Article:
Norman Spinrad has some very interesting speculation about the future of publishing. “Interesting” because he actually seems to be reasoning fairly closely about it, and about different authors’ niches in what’s to come, and deriving conclusions at variance to what I tend to hear. I think this is the nut:
Let’s say you’re a major best-selling author on the Steven King or Danielle Steele level. You’ve just finished a new novel without a contract because you’re rich enough not be need an advance to finance the writing of it, but you’re greedy enough to want to make as much off it as you can. Who isn’t?
Let’s say that it’s far enough in the near future so that ebooks are roughly half the book market. Let’s say that a hardcover would go for $30 and an ebook for $10. Let’s say you took a big advance from a publisher at the cost of agreeing to that 25% of ebook sales. To make the calculation simple, let’s say the novel sells a million hardcovers and a million downloads. At 15% of $30, you make $4.5 million on the hardcover. At 25%$ of $10, you make $2.5 million off the ebooks. Total take $7 million.
But what if you sidestep the traditional publishing industry and self-publish for $10 an ebook at 70%? That’s $7 million on a million ebook sales alone. And you still own the paper publishing rights. Can you not then make a deal for those volume rights alone with a publisher for a lower advance or even no advance and still come out way ahead?
The top ten or twenty best-selling authors won’t need publishers. They can hire a computer geek to do the setting up for a grand or two and another grand or two for the online “cover art” and that’s it. They’re already brand names, and in the ebook age, national net pr would be relatively cheap and easy to buy from hired guns.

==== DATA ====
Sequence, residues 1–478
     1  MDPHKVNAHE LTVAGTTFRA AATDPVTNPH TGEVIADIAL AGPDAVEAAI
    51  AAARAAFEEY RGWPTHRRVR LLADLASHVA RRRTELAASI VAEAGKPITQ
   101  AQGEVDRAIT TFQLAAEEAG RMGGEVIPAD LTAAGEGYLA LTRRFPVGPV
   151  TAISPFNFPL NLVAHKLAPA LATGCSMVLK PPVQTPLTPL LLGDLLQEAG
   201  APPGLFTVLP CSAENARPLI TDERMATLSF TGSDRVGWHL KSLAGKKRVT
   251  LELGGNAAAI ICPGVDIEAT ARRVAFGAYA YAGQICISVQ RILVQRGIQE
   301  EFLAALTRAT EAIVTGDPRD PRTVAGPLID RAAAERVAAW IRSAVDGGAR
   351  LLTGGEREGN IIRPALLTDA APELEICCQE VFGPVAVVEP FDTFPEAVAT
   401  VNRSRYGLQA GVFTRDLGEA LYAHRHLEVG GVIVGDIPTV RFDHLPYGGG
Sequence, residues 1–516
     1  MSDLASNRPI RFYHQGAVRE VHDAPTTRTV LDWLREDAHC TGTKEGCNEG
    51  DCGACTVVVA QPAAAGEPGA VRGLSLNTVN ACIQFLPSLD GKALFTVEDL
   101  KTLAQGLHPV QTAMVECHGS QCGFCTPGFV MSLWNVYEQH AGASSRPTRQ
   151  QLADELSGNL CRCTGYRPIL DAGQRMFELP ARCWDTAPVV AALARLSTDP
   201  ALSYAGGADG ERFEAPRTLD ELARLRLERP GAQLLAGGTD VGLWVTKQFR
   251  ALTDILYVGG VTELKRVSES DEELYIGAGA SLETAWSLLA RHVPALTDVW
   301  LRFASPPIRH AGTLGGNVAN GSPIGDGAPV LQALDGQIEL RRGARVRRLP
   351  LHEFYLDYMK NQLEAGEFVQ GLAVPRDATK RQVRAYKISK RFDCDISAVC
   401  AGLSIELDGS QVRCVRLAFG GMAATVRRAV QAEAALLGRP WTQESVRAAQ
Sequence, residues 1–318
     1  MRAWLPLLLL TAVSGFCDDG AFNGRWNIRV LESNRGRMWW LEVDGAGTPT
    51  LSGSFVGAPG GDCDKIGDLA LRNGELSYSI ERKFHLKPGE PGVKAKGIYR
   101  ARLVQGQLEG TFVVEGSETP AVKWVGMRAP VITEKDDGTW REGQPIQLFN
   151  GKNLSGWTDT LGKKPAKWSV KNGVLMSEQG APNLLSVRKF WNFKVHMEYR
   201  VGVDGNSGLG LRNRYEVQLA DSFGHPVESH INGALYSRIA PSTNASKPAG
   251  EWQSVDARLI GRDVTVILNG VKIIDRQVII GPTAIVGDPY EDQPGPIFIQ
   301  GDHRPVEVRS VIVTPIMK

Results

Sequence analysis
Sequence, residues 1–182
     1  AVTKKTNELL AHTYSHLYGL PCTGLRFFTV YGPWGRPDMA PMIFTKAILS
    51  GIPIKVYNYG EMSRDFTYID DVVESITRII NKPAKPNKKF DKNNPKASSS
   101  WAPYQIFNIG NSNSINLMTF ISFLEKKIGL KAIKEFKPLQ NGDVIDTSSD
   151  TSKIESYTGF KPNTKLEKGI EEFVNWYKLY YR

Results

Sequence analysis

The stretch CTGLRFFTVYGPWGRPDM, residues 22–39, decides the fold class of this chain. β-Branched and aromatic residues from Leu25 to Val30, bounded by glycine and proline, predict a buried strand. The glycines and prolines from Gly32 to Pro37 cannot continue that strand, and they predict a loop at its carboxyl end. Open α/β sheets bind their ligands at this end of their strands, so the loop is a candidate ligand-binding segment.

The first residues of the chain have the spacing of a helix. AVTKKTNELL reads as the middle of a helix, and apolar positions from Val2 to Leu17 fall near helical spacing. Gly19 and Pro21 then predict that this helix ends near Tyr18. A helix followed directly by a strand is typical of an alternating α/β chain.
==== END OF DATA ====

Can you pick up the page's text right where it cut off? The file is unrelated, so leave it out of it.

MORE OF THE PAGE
Advances? Who needs your stinkin’ advances, Random House and Simon & Schuster?
The answer, of course, is most everyone else…
This is backwards from the way most people I’ve encountered are thinking about it — the CW in my field of view, for the little it’s worth, is that the big authors will stick with the publishers because it works for them, and the little people will write on spec, self-publish, and occasionally make it big. Spinrad’s analysis is nice because he’s considered the economic incentives of the giant authors, which (by his numbers) are considerable, and assumed that the little people want to be working writers, not flailing amateurs. (He’s also articulated a role for e-publishing in the context of the sub-mid-list, books that earn reliably but slowly; read the essay for that.)
It’ll be interesting to see how the incentives play out with the best-sellers. I’ve definitely heard big-name authors gush with gratitude about their publishers, so Spinrad’s take on the economic incentives may be eccentric; on the flip side, I haven’t actually seen a big-name author seriously try to monetize a soup-to-nuts self-published ebook. If Neil Gaiman or Stephenie Meyer or someone does this and makes out like a bandit, that could have serious ripple effects. But publishers might adapt rather than turning to the midlist. Spinrad seems quite confident that publishers have nothing to offer a best-selling author. He may be right; the author’s reputation is presumably his or her biggest asset, and no publisher owns it. Yet, anyway. Publishing companies might respond by tightening the terms of deals for promising lower-tier authors, the ones who have an incentive not to self-publish on his model. I’m not sure how tight, and how far into the future, those deals could extend and still be legal. But it seems like the sketch of an alternative approach.
More later, maybe.